Breast cancer survival could be improved by adding progesterone
Groundbreaking research has highlighted the potential benefit of adding the hormone progesterone to standard breast cancer treatments.
The international study resolves the controversy over whether progesterone is good or bad for women with oestrogen-receptor positive breast cancer.
Published in Science Advances, it reports that treatments aimed at the progesterone receptor could prolong life in women with oestrogen-driven breast cancer beyond the current standard treatments of tamoxifen or aromatase inhibitor medicines, which target the oestrogen receptor alone.
The study, led by Professor Geoffrey Greene at the University of Chicago, in collaboration with a team from the University of Adelaide, confirms and provides new insight into how progesterone receptors reprogram the actions of oestrogen receptor, with an overall “braking effect” on tumour growth.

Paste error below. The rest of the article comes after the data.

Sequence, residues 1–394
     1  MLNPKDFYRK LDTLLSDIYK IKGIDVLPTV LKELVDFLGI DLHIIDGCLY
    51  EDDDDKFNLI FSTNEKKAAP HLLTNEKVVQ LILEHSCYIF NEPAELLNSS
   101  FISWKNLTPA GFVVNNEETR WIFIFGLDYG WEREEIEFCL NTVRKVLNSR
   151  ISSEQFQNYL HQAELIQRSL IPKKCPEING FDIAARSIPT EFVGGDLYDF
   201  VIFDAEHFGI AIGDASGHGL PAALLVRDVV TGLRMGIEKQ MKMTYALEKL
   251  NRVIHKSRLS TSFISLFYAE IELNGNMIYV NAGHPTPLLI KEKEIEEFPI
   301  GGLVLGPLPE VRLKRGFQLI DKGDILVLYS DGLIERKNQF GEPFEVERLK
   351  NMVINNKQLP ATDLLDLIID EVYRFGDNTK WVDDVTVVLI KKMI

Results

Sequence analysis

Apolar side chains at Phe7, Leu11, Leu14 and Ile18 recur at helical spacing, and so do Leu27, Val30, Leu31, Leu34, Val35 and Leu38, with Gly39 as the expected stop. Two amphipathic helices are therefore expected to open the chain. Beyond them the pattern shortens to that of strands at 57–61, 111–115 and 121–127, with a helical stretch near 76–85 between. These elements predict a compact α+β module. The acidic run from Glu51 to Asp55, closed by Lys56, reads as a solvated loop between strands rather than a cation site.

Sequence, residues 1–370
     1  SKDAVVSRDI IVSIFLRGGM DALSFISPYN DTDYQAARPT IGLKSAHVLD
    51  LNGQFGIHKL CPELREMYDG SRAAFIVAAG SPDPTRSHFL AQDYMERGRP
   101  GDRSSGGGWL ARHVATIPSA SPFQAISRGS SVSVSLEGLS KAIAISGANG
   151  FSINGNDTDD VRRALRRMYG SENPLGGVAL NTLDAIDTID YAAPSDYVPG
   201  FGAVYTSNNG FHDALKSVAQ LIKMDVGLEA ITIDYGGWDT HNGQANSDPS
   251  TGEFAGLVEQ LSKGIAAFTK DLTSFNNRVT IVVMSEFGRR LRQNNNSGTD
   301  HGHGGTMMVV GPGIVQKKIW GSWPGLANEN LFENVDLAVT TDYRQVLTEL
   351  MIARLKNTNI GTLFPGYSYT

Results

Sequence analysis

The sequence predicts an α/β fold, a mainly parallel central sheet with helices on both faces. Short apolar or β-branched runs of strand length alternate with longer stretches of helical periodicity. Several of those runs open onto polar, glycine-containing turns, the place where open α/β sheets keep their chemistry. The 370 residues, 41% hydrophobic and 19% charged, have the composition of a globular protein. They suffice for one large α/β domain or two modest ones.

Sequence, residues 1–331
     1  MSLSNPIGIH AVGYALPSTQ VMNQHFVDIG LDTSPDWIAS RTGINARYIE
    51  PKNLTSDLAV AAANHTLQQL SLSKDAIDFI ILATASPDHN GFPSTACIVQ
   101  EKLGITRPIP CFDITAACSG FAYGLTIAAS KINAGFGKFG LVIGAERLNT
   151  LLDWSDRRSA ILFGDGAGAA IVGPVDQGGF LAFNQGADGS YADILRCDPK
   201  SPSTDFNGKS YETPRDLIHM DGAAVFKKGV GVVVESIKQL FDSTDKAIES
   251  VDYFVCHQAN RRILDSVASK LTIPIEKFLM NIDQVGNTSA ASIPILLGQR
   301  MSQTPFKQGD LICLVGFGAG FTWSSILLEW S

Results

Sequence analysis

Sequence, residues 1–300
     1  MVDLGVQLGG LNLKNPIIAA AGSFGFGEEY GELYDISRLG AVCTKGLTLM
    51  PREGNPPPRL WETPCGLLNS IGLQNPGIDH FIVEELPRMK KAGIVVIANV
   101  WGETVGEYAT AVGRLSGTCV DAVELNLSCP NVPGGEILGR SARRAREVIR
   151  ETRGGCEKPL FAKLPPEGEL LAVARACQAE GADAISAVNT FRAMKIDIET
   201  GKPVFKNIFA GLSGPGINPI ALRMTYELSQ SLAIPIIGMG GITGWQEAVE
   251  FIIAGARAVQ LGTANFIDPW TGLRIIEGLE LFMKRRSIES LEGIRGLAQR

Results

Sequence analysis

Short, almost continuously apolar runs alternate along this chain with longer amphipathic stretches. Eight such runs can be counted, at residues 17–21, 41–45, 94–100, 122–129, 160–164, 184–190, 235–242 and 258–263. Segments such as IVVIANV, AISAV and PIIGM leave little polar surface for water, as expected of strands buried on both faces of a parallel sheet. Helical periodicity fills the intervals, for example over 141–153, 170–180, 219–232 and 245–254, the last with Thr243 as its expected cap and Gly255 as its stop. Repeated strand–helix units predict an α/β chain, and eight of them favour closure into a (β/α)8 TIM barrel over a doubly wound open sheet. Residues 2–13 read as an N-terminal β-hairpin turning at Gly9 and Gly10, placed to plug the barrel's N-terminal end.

Professor Wayne Tilley from the University of Adelaide says the study provides important preclinical validation for the start of clinical trials testing progesterone in combination with current standard-of-care therapy.
“Use of progesterone treatment of breast cancer has raised considerable controversy because of past studies showing some negative effect of synthetic versions of progesterone used in hormonal therapy for postmenopausal women,” he says.
“In our studies, we are using natural progesterone, or forms of this hormone that are biologically identical to the natural hormone, and testing it on breast cancer tissue taken from women with cancer.”
The researchers also identified a new progesterone receptor targeting drug that not only opposes the action of oestrogen in breast cancers to halt tumour growth, but actually causes the tumours to regress.
Clinical trials start next year.